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Coldplay in Bang mag!!


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I bought 'Bang' mag today - there is an article but it's not worth typing up completely because it's not actually an interview with the boys, it's just opinions of music industry 'insiders'. There's also an interview with the directors of the DVD, which I will type up. I'll give you the best of the article:


It starts with a description of Chris at uni, how he was very intelligent and awkward, wore scruffy clothes and only ever talked about being in a band. He hung out with Guy, Jonny and Will all the time and neglected his girlfriend and how they were all surprised when they found out the band was good. It then describes them being signed to Fierce Panda, making the EP's then signing with Parlophone, playing Glastonbury and going top 5 with Yellow and number 1 with Parachutes.


It then describes how CP broke America whilst other bands have not. A music 'insider' (apparently they couldn't give their names) attributes their succcess to sheer hard work and ambition. He says that Oasis never won over America because they were too rude and didn't look as if they cared whether America liked them. The article then says that CP have sold 1.75 copies of 'Parachutes' and 2.5 million copies of 'AROBTTH' in America, whilst The Strokes only sold 900,000 of 'Is This It' and the White Stripes only 1 million of 'Elephant'. Coldplay has even out sold every Radiohead album in America, even OK Computer which sold 1.7 million (HTTT is currently on 723,000). CP's involment with charities is mentioned including their MakeTradeFair work and giving 10% of all profits away.


The article then inevitably turns to criticism from Alan McGee (AGAIN!!) and Liam Gallagher and praise from Justin Timberlake. It discusses how they split their royalties four-ways and if Chris thinks he should get more (I don't think he does, he's always been very strict about equality from what I've seen). They also discuss Chris' immense fame in comparison to the others relative anonimity and how Chris is the one being marketed. They also talk of the danger that Coldplay could ruin what they have by doing a Radiohead and not sticking with what they're good at. It finishes saying if they carry on the way they are they'll have a long career etc.




The interview with live footage director Russell Thomas:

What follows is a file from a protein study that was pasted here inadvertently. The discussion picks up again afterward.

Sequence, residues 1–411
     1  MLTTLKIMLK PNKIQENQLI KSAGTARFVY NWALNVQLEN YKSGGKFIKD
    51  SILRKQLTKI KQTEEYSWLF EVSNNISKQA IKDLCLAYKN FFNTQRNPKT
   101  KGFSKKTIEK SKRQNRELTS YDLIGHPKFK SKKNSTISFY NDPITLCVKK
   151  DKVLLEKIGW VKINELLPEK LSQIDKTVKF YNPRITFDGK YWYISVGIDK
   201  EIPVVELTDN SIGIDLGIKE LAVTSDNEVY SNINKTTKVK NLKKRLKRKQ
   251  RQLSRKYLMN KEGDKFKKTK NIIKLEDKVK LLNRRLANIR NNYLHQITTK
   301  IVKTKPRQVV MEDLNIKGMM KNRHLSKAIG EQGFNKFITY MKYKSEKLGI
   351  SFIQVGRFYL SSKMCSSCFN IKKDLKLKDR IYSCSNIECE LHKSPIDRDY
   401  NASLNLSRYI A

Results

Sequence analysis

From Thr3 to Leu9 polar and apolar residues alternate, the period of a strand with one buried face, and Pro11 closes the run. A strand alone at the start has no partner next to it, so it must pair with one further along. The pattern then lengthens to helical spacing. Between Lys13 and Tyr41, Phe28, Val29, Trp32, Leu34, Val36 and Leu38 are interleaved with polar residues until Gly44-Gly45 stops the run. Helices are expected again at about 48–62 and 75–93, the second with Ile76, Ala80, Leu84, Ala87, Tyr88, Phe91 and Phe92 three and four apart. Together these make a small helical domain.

"One of the things that struck me about Coldplay was how pleasant they were - they were so not rock stars. There's a strong intellectual element to them, which you can tell from their music. They're very interested in the way they're seen, so to them this was a big deal - this is their first DVD.


"The Horden Pavillion in Sydney is a very small venue, it holds about 6,000 people; I think they picked it to be small and intimate. The idea was that the feel of the film would develop throughout; it starts off quite intense, dark and moody and as it goes through it lightens up and you see more and more of the crowd, culminating in the encore when you see quite a lot of them. The band wanted it to have a theatrical feel to it; their remit was 'intimate going to expansive'.


"I wanted to give each individual song a different feel, so it's not promo-like but there is a distinct look to each track. There's lots of mixing and matching and different styles, but each one flows into the next one so you can watch the whole thing and it slots nicely together.


"As a live band their performance is much more gutsy than the music sounds on the CDs, so it actually lends itself to a degree of being more edgy with images. Chris Martin is quite animated on stage, and if you juxtapose that with imagery of more static stuff it gives a really powerful, emotional viewing. When you watch the DVD you'll also that there's an intensity about him that actually is part of the charm - an intensity about all of the band, actually - and at times you get a sense of humour from it too, which I liked.